Sell: Shai Bolton

Every year I’m convinced it’s Bolton’s year. He plays a game where he looks amazing in the midfield and I persuade myself to pick him up the following season, thinking surely Dimma will make him a full-time mid. Unfortunately, every year, Dimma lets me down and he plays the same putrid forward/mid split that leads to nothing scoring.  He’s slightly better than a free agent and forwards are scarce, so you should be able to get something juicy for him. Dangle him as trade bait and hook a big one! 

Sell: Jeremy Cameron

We’ve had some buy low candidates, so here is a sell high. Cameron kicked a massive 6 goals, which would usually mean a score above 120. He just scraped to 101, which doesn’t bode well for his scoring against tougher opposition. Sell him now for maximum value. He’s good, but he won’t kick 6 every week. 

Hold: Josh Kelly

A great example of salary cap talk being completely irrelevant to draft leagues is the chorus of people considering trading out ‘underperforming’ premiums like Kelly, Mitchell, Steele, or Macrae. He hasn’t gone massive, but his scores have been serviceable. Hold on, the big scores will come. He’s a proven star, don’t even think about trading him this early.

Hold: Dyson Heppell

A D1 option for lots of coaches, Heppell has made people understandably nervous. This week, while he didn’t set the fantasy world on fire, he showed that his role is still there. With Merrett out for 6-8, McGrath has moved back to the midfield. Hold Heppell at least until Merrett comes back and hopefully he’ll build a nice run of scores for you.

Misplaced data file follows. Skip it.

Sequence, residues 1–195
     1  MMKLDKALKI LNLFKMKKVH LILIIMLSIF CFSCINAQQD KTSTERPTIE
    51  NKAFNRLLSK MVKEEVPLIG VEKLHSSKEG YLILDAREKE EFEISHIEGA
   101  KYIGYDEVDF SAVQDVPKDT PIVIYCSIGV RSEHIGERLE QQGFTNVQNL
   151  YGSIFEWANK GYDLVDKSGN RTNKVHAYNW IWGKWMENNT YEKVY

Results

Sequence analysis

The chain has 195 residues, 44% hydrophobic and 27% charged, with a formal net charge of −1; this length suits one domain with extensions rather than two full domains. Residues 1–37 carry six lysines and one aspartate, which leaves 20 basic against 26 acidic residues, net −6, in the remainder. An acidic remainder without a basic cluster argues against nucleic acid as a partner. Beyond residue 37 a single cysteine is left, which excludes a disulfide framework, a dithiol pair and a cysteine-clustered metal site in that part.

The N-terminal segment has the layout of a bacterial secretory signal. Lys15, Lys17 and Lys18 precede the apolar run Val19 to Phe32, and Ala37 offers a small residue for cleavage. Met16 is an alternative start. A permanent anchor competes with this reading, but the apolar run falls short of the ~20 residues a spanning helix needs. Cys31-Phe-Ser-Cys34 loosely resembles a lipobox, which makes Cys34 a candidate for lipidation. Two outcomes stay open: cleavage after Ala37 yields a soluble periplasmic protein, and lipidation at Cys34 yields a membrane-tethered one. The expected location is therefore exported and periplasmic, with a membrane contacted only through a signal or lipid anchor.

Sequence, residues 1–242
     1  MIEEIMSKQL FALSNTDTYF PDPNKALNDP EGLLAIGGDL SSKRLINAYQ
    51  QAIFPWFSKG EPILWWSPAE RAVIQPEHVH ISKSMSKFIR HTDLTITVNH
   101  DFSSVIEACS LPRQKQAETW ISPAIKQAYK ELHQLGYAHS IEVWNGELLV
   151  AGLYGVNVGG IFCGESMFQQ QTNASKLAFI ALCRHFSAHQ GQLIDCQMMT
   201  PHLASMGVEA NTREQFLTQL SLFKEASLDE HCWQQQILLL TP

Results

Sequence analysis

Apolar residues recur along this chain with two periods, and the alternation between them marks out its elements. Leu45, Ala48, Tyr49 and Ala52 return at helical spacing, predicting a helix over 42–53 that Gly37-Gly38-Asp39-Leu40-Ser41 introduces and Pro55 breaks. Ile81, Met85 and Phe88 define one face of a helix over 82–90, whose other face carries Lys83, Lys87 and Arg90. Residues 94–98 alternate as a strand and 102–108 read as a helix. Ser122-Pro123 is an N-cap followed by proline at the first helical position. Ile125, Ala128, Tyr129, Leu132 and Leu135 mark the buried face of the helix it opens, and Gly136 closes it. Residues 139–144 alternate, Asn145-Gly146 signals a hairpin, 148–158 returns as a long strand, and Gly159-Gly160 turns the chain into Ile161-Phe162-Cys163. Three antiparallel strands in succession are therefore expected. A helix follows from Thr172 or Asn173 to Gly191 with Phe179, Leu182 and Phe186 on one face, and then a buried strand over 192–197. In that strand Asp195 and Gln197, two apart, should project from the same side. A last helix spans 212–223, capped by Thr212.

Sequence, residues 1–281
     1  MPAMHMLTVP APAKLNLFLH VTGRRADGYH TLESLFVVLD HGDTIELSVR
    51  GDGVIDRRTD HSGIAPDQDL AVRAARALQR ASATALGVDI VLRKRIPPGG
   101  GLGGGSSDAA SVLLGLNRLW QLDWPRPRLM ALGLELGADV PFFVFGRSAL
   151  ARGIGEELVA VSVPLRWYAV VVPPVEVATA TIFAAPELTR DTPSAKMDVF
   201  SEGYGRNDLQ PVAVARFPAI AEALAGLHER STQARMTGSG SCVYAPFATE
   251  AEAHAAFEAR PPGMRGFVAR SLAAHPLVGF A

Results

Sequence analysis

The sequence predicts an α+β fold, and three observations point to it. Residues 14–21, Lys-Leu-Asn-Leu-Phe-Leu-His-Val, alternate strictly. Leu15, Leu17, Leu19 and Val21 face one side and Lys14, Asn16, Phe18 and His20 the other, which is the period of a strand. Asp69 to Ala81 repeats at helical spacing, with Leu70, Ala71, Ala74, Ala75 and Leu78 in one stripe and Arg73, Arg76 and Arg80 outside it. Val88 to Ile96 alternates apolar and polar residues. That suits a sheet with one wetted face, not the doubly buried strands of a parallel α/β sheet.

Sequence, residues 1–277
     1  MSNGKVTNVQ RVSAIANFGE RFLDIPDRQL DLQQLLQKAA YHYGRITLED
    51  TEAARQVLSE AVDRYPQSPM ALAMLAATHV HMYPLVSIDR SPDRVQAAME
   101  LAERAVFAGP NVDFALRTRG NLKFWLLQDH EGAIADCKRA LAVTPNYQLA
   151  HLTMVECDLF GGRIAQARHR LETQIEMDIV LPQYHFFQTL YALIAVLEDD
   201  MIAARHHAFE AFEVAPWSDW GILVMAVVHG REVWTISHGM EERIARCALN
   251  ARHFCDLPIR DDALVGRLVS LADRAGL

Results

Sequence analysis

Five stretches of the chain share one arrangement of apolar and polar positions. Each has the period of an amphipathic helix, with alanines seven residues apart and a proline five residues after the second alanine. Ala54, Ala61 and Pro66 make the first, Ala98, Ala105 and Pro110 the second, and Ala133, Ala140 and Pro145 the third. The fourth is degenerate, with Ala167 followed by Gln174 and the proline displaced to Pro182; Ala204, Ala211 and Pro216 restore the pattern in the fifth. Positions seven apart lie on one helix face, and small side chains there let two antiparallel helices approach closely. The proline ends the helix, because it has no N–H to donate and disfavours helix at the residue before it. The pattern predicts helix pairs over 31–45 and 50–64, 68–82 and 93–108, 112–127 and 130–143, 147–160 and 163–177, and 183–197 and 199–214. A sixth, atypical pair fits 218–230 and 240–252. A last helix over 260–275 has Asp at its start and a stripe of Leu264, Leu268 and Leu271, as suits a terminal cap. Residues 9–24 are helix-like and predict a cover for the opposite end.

Add: Tristan Xerri

The number 1 ruck role is real, so grab him as a forward and take advantage of his round 6 DPP. While he won’t average massive scores, Xerri should nab enough hitouts to build a solid floor to his scoring and provide you with great flexibility. If he’s available, get him in immediately. And keep an eye on a solid young recruit, Todd Goldstein, to take the Cats’ no. 1 ruck role for 2023.

Add: Will Day

Back from injury, Will Day didn’t miss a beat. Get him off the waiver wire or free agency list if he’s still there, because he’s a jet. The only thing that will slow him down is that pesky ankle. Cross your fingers he’s been rebuilt like the 2004 Hawks list, not the 2004 Carlton list.

Drop: Liam Baker

His role is terrible, his scoring has been terrible. I’m unsure why Hardwick keeps naming Baker as the starting centre half forward, but let’s call this a late draft lottery pick that didn’t work out. So rather than hang onto him, get digging on the free agent list and buy a new ticket. Take a punt on a Day, a Foley, or a Nelson and see if it pays dividends… Because unfortunately, Liam Baker won’t.

Drop: Will Powell

This is heartbreaking… It was supposed to be Powell season! Natural progression, the only other half back injured, Gold Coast are average again and the ball is sitting in their backline… It was all so juicy and compelling. As you can probably tell, I certainly got sucked into the Will Powell narrative, and to be honest, I have no idea what went wrong. With scores of 55, 63, and 46 though, it’s time to part ways. Goodnight, sweet William.